Mumbo Jumbo

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When I was in elementary school many, many years ago, there was a daily morning ritual. We’d stand up, put our hands over our hearts, and recite the Pledge of Allegience. Then we’d bow our heads and recite The Lord’s Prayer.

Given that I was a “go along to get along” kid at the time, I did what every other kid in the class did. I recited these by rote, not really understanding or even caring about the meaning of the words I was reciting. It was just something we were required to do.

It didn’t take me too long to grasp the meaning of the Pledge of Allegiance, but I had a harder time with The Lord’s Prayer, especially once I started paying attention to the words.

My father’s name was Alan, not Art. So who was Art and why was he living in heaven? And why did they hollow out his name? And what will would he be doing until it was done?

What was so special about having bread every day? As far as trespassing, my mother had taught me to not go on the lawn of the crotchety old man who lived next door, but why would he be trespassing on our lawn?

One night at dinner I finally decided to ask my parents to explain The Lord’s Prayer to me. Ours was not a particularly religious family. My father never went to church and my mother went only sporadically. When I asked the question, my father said, “It’s just a bunch of religious mumbo jumbo.”

My mother explained that it’s a prayer to God, but she said that if I didn’t want to recite it every morning, I didn’t have to. I could just stand there, head bowed, and be silent. “Use that time to reflect,” she said.

The next morning, I was sent to the principal’s office after telling my teacher that I wasn’t going to recite religious mumbo jumbo anymore. I received a week of after school detention for that indiscretion.

Perhaps that incident contributed to my becoming an atheist.


Written for today’s one-word prompt, “recite.”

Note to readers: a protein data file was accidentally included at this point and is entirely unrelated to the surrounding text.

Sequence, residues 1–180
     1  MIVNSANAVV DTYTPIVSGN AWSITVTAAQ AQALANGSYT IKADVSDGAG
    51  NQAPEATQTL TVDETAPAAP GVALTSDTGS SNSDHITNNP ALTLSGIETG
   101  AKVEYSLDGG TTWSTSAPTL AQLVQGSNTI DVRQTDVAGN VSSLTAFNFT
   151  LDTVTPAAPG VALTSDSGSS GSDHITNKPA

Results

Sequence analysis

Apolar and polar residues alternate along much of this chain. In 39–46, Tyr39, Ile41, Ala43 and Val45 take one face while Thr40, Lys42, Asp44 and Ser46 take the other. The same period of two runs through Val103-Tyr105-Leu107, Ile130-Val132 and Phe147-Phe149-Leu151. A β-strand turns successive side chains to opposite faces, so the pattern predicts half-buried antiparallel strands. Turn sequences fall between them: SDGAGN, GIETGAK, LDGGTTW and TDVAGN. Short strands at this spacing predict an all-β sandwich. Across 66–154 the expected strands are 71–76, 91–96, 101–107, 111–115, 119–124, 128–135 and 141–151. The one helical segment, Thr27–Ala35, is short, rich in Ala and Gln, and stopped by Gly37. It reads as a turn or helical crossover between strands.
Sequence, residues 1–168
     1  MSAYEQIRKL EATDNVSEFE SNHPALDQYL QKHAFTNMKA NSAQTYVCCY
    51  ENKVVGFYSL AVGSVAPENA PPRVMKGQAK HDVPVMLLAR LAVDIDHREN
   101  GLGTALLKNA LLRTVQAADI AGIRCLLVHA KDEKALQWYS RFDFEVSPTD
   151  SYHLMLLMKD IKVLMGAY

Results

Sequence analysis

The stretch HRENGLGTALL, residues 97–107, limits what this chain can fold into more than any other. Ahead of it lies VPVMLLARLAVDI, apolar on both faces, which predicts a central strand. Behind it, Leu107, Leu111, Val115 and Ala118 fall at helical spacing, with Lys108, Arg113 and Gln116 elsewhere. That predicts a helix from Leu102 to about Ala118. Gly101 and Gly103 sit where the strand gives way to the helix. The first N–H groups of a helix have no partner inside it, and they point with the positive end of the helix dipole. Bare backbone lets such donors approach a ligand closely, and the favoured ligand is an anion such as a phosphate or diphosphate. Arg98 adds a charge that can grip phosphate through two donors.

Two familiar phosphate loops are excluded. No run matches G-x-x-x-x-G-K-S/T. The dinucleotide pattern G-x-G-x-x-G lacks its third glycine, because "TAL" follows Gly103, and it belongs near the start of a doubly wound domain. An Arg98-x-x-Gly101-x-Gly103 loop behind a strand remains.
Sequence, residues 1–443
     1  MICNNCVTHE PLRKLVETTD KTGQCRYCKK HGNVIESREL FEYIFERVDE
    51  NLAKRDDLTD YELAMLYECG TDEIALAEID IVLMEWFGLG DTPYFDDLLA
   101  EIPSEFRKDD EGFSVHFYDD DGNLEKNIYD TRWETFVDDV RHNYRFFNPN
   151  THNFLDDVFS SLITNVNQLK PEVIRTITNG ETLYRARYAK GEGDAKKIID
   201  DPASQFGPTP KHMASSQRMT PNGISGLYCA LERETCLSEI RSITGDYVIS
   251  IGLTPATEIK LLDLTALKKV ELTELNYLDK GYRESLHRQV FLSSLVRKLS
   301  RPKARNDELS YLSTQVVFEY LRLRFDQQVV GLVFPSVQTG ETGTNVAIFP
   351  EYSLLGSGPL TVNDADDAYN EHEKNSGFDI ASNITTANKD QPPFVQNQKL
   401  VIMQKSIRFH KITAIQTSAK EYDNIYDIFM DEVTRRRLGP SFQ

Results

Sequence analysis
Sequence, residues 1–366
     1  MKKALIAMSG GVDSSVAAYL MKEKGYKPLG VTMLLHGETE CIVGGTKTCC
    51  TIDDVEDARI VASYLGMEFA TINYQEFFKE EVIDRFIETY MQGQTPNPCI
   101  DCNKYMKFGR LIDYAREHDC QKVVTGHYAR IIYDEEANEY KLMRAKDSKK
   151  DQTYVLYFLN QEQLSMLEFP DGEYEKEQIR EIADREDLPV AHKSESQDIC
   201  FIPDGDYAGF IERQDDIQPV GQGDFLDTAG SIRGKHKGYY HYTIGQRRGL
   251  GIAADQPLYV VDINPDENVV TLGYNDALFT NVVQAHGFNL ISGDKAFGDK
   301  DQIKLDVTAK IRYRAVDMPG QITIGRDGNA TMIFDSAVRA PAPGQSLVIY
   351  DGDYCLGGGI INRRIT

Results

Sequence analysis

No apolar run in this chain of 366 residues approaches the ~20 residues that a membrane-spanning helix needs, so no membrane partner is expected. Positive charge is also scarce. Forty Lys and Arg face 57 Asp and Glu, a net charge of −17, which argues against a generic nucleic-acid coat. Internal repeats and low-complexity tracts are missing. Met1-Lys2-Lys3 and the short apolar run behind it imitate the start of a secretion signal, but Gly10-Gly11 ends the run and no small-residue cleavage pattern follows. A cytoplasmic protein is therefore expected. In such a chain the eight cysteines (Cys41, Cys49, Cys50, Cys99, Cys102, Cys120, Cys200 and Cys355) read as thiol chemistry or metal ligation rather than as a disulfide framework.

#SoCS — Pant-Pant-Blow

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The first time my wife got pregnant we were advised by her OB/GYN to enroll in a Lamaze class. These classes teach young couples how to prepare for childbirth and, more importantly, how to make it through labor and delivery.

One of the key learnings from the Lamaze class was how to breathe. Naturally, this lesson was intended for the soon-to-be mother to learn breathing techniques during labor. But the husband had a role as well. He was to be her coach, and as such, he, too, needed to learn the proper breathing techniques in order to help his wife manage the trauma of labor and delivery.

One such breathing technique is referred to as “pant-pant-blow.”

Our Lamaze instructor told my wife that as her contractions became more intense, she should exhale in a pant-pant-blow pattern. She needed to take a deep breath in through your nose when her contraction started and then exhale in two short pants followed by one longer blow. That breathing in and panting out should take about 10 seconds and should be repeated until the contraction stops.

Well, one night my wife’s water broke and we headed to the hospital. She got settled in her room in the maternity ward, where, in my role as her coach, I was by her side.

I was armed with a large cup of shaved ice in case her mouth got dry. I had a small, brown paper bag for her to breathe into should she start to hyperventilate or feel dizzy while doing the breathing exercises we’d learned.

Things were moving along, albeit slowly. She was only about five centimeters dilated after about six hours and her contractions to that point had been fairly mild. So her doctor decided to give her Pitocin to speed things up.

It worked. Within an hour her contractions started coming fast and furious and that’s when she really needed my help. I was there for her, holding her hand, mopping her brow, and pant-pant-blowing right along with her.

Between contractions, I was dropping pinches of shaved ice into her mouth like a mother bird feeding her chicks.

And then the wheels came off the bus. My poor wife was in the middle of an intense contraction and we were pant-pant-blowing together. The next thing I remember was waking up in the other bed in my wife’s hospital room. I had a major headache and a bandage on my forehead.

I must have been a little too exuberant in my pant-pant-blow technique. I somehow managed to black out and, on my way to the floor, I knocked my head on the metal railing of her hospital bed.

Fortunately I was revived just before they wheeled my wife to the delivery room. Still, I was mortified by my failure as her labor coach.

To this day, though, I tell my daughter, who was born that night, that being there for her birth really knocked me out!


Written for this week’s Stream of Consciousness Saturday prompt from Linda G. Hill. The challenge was to write a post around the word “pant,” just in case you couldn’t tell.